Today’s New APPS Interview is with Alexis Shotwell, Assistant Professor of Philosophy at Laurentian University.
Thanks for doing this interview with us, Alexis. Let’s start with your personal practice of philosophy. What are the pleasures and pains of philosophy for you?
By disposition, my writing practice is less solitary than many philosophers. That means that I like writing in cafes and libraries, I work through ideas best by talking them out with others, and I genuinely love conferences. I do tether myself to my desk when I need to grit my way through a particular stage of the writing, but a lot of the time my best work happens in ways that don’t look like work from outside.
I make sure to grumble and groan a lot about how hard my work is!
Oh, it’s not that I don’t struggle with writing and talk about it! But I rarely have writing blocks, and I’m good at patching together small by-the-way bits of writing time. This is irritating to people like my partner – a writer but not a professional academic – who have the feeling that I pull articles from whole cloth out of the air.
How do you go about writing then?
I like to leap-frog writing along; I’ll trick myself into working on a new project by saying I’ll present on something that I haven’t totally worked through – so I’ll start with a title, then figure out what the paper is about, then write it as a presentation, and finally make it into something submittable.
What is your daily practice? Do you have a set routine?
My work routine in the school year is pretty regular. I wake up not very early, do some (Buddhist) meditation practice, and then either teach or write, depending on the day. I’m a devotee of writing and teaching in low-drama ways, and so I try to build short daily work periods into my day, rather than longer binge-style sessions. I like Robert Boice’s book Advice For New Faculty Members very much on this.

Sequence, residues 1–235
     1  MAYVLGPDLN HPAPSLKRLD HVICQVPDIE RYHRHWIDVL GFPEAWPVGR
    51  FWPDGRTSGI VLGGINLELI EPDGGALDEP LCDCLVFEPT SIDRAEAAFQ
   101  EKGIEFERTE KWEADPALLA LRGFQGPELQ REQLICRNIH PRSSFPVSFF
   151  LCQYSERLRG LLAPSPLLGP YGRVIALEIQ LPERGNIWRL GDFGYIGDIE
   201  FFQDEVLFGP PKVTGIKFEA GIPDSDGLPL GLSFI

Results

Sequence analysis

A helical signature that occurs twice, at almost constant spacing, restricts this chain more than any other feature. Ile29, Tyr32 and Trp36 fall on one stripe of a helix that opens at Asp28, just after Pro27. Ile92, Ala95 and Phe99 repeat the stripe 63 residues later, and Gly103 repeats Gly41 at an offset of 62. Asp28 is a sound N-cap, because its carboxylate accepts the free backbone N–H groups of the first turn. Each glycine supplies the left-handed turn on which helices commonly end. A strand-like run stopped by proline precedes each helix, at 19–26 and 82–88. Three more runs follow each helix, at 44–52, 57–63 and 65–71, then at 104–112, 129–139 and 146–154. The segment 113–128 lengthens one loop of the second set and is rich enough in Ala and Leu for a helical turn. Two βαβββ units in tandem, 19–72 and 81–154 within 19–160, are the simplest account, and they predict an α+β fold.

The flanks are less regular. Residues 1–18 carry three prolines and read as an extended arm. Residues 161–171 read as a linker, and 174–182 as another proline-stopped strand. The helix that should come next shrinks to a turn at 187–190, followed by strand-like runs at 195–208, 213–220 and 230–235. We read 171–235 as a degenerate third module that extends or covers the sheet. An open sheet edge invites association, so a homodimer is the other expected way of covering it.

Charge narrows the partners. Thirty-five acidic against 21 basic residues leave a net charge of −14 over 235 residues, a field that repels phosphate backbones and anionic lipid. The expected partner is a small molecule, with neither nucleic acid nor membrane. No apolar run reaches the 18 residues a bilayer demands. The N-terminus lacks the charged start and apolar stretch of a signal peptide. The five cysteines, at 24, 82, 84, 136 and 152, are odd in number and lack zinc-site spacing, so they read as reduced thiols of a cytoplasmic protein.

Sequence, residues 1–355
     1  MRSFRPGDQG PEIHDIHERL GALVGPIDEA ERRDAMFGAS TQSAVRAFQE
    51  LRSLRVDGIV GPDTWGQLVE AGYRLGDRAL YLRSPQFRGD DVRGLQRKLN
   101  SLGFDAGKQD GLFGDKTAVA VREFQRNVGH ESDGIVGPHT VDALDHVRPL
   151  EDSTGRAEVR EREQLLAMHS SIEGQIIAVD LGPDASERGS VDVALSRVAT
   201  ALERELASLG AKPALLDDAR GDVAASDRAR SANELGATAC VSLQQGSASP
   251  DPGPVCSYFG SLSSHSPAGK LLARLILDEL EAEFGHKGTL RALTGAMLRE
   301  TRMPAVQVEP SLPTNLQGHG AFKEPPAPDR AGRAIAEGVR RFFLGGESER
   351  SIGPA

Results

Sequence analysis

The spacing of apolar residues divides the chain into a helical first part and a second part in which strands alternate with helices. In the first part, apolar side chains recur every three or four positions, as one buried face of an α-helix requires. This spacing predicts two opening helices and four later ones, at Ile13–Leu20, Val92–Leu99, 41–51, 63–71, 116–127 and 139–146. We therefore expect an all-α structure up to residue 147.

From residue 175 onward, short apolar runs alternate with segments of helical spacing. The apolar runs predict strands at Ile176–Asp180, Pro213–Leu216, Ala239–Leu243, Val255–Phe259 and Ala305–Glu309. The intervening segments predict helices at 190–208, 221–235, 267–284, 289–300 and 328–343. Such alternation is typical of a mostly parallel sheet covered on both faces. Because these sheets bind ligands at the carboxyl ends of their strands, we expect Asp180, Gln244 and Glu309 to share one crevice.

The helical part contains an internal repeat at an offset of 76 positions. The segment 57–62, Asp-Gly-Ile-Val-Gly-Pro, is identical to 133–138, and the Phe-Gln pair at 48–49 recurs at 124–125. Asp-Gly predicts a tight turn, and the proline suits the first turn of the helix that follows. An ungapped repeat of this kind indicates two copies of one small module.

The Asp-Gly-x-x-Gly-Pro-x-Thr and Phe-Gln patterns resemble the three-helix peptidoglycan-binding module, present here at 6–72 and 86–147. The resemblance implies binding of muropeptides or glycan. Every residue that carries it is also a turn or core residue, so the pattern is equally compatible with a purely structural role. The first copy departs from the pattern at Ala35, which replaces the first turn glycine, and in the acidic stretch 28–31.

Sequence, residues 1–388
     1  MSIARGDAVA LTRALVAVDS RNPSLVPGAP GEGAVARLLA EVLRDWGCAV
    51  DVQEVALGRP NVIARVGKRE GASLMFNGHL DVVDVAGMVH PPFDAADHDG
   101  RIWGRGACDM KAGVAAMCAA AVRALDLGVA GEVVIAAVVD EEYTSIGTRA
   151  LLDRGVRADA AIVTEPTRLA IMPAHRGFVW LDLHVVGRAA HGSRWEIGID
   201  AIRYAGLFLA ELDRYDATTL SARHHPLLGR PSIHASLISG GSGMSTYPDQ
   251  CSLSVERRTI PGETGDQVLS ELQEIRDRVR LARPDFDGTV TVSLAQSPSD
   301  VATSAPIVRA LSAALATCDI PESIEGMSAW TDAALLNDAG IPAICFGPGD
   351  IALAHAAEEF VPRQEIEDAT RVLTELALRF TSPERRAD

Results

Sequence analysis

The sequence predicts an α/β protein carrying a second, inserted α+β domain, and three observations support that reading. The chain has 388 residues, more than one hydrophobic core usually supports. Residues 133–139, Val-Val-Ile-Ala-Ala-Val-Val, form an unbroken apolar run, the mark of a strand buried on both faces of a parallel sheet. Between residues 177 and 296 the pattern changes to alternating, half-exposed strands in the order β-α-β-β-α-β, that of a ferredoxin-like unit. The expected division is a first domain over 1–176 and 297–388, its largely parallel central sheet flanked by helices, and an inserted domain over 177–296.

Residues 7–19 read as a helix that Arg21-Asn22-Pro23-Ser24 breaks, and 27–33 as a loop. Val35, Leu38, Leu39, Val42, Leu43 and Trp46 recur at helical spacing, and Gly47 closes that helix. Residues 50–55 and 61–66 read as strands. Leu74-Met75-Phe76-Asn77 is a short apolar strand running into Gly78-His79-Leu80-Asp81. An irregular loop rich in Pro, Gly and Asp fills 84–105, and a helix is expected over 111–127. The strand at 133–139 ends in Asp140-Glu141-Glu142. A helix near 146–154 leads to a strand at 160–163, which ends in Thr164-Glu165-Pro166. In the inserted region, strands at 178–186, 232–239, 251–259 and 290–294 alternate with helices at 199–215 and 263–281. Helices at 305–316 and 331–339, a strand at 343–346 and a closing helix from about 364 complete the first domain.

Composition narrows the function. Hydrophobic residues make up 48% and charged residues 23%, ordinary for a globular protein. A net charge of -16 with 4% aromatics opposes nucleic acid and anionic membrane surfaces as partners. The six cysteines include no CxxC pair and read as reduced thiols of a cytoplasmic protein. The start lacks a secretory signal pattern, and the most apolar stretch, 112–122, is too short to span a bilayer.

How about environmental inputs?
I work best to music, and I definitely run on caffeine. On Fridays I meet a group of faculty in a local cheese shop for two or three hours for a writing group; we don’t read one another’s writing – we just meet, chat a bit, and then settle in for timed 45-minute “units” of writing, during which no one is allowed to talk, check email, read something amazing out loud, or do anything else but work on our work. Then we’re forced to take a little break and stretch before we start a new unit. Also marking or prepping classes is not allowed. Very effective!
Very cool! Group discipline as it were. How about other areas of life; do you have ways to integrate them with your philosophy?
I’m quite strict about allowing myself time to meditate, read novels, and exercise. I’m a potter, a decent bike mechanic, and politically engaged in local struggles around militarism and poverty. These things all inform my philosophical work in obvious ways (I write about some of this stuff) and probably in more subtle ways too.
How do you integrate teaching and research?
I’m still working on productive practices around this, but I’m lucky to have space in my teaching to work through issues that I’m writing about. I taught a course on “houses and homes” a couple of years ago that fed right in to a paper I was writing about gender and home; usually it’s less direct than that. But often the texts I set for classes end up showing up in my research, and the reverse.
Tell us something about your childhood, if you would.
I pretty much grew up in a café-used bookstore; my parents are former hippies, Shambhala Buddhists from California who opened a store in Boulder, Colorado, when I was six.
I don’t think you can get more hippie than that!
That was when Boulder was a white hippie enclave more than a playground for rich and beautiful white wheatgrass drinking yoga enthusiasts.
You were there before it signed with a record label!